A typical objection here is that the computer should be able in principle to interface with a quantum system, and therefore be conscious since the computer hardware is made of quantum-classical matter. I do not think this is possible because the quantum-classical atoms and molecules of the computer hardware have been organized so that their quantum properties are averaged out to produce a strictly classical machine. The computer is indeed a reductionist system in which the hardware behaves entirely classically and is also separated from the software that runs on it. The computer bits are in fact represented by statistical properties that can only exist as averages of quantum properties of atoms constrained to exist in certain patterns. Likewise, the transistors, which are realized by an ingenious use of the quantum properties of crystals, behave as close as possible to ideal on-off switches. In other words, the quantum-classical matter of the computer has been permanently shaped to behave only classically with no means for it to affect the classical bits represented by it.

In a robot, the classical information of its computer brain can indeed control its classical body parts, and the classical body parts can send classical information to its brain. But everything is classical here, and there is no way for classical information to interface directly with a coherent quantum system. The interaction between a conscious entity and a living organism can instead occur because the conscious entity can control the position or momentum of an individual particle or an atom, for example, within a quantum-classical living cell, and these effects can be amplified, leading to classical macroscopic events within the cell itself. In other words, there is a path from quantum to classical (and vice versa), a path that does not exist in computers or robots so long as classical bits are represented by statistical properties of quantum matter. Notice that this conclusion is independent of the complexity of the classical system. Consciousness cannot emerge from the algorithmic complexity of a classical system—the current “scientific explanation” for consciousness.

On the other hand, a human being can indeed have a conscious experience of the classical information produced by a robot and can also control the robot’s actions using his free will informed by his conscious comprehension of the situation. A good example of this situation would be a person remote controlling a sophisticated military drone. This is possible because the human body can interface with both the quantum and the classical world, acting as a bridge from machines to consciousness. When a robot controls classically its own behavior it has no conscious experience and no comprehension of the situation. It simply reacts mechanically to the data the way it has been commanded by its program or by the way it has mechanically learned through its artificial neural networks. This lack of real comprehension could in fact lead the robot to a completely inappropriate behavior in response to even a slightly different situation from the one it had learned.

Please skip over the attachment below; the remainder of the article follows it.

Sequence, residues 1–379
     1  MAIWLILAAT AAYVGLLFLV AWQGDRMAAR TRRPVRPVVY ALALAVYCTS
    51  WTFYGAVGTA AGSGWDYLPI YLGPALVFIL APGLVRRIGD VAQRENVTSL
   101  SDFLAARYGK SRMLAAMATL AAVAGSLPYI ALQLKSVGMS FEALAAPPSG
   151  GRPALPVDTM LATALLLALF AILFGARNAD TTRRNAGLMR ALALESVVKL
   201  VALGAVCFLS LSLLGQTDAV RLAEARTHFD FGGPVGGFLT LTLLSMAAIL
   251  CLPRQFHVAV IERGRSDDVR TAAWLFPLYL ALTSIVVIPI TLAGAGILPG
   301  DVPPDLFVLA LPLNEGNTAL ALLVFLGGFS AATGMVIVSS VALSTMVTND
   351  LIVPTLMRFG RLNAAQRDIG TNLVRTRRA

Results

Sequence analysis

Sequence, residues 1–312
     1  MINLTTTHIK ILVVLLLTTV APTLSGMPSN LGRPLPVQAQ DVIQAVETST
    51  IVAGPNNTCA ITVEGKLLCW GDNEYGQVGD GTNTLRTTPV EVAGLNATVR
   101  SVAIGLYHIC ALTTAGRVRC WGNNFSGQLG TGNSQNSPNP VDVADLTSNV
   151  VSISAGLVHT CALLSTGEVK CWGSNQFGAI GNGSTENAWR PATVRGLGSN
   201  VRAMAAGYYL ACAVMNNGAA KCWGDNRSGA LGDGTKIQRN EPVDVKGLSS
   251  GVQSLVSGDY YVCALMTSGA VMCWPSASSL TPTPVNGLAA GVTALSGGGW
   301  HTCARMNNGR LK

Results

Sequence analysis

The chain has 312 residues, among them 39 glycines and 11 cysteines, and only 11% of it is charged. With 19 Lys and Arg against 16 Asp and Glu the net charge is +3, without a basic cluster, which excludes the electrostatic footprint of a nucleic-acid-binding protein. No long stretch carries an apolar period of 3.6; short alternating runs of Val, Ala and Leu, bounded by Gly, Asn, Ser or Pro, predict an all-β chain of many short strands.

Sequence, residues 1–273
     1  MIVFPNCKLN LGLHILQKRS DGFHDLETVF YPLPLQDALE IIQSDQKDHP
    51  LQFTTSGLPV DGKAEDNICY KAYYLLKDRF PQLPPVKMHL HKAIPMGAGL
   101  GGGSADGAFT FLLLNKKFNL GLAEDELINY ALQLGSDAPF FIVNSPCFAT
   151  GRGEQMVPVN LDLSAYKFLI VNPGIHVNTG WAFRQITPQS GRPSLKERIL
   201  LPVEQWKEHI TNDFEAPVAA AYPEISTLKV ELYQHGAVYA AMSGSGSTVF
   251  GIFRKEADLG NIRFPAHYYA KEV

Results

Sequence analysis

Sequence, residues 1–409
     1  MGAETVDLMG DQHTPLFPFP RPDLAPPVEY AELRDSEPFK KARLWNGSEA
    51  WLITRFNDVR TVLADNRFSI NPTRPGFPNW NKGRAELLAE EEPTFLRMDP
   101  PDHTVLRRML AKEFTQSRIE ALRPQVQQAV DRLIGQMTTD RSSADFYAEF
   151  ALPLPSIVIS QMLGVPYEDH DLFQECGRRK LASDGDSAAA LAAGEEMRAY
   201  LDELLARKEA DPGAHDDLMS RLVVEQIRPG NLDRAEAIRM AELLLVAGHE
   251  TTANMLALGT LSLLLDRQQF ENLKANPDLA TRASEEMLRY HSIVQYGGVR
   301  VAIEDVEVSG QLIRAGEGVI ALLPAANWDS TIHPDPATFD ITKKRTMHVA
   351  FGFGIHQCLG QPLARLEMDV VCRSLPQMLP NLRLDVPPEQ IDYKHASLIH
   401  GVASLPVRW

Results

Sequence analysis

Said differently, the conscious experience and free-will control of a purely classical system cannot occur “within” a classical system, for classical systems do not have any inner reality. Inner reality exists only within coherent quantum systems. Therefore, classical robots cannot function autonomously in unconstrained and hostile environments for long because they lack the real intelligence that only comes with conscious perception and comprehension.

We are not machines!

Each of us observes the world with a unique perspective and in two different ways. We experience classical information produced by the body, and quantum information coming through another channel we do not yet understand. We attribute both types of information to the body since we believe that the classical world is all that exists. Through the first channel, classical information coming from the physical world is transformed by our senses and brains into symbols that give rise within our consciousness to the ordinary experience of the physical world. Through the quantum channel, instead, we get information like intuitions, imagination, original insights, vivid dreams, thoughts, and deep emotions, whose origins are currently unknown though they are attributed to the body.

The more we identify with the classical body and rational mind, and thus pay attention only to the symbols produced by the body, the more we lose contact with our deeper quantum reality. In this new framework, the vaster self “wears” a body to deeply experience itself in interactions with other selves that wear similar "costumes" made of matter. In this sense, matter works like a mirror allowing the conscious self to know itself more fully. I like to think that matter is like the ink with which the conscious self writes the comprehension of itself and the comprehension of the world. Still, the experience—what really matters—is not in the ink any more than the meaning of a book is in the physical book. It is our consciousness that gives meaning to physical matter.

Based on this framework, computers can only have mechanical intelligence while humans have real intelligence grounded on conscious comprehension, which goes far beyond the algorithmic properties of classical information. In fact, humans controlling computers can make computers perform actions impossible for a computer to entirely do on its own. Here is a great opportunity for creative cooperation, but only if humans understand and value the true nature of their own consciousness. I think that the idea that computers may best human beings is a dangerous fantasy based on a misinterpretation of the true nature of consciousness and the nature of physical reality.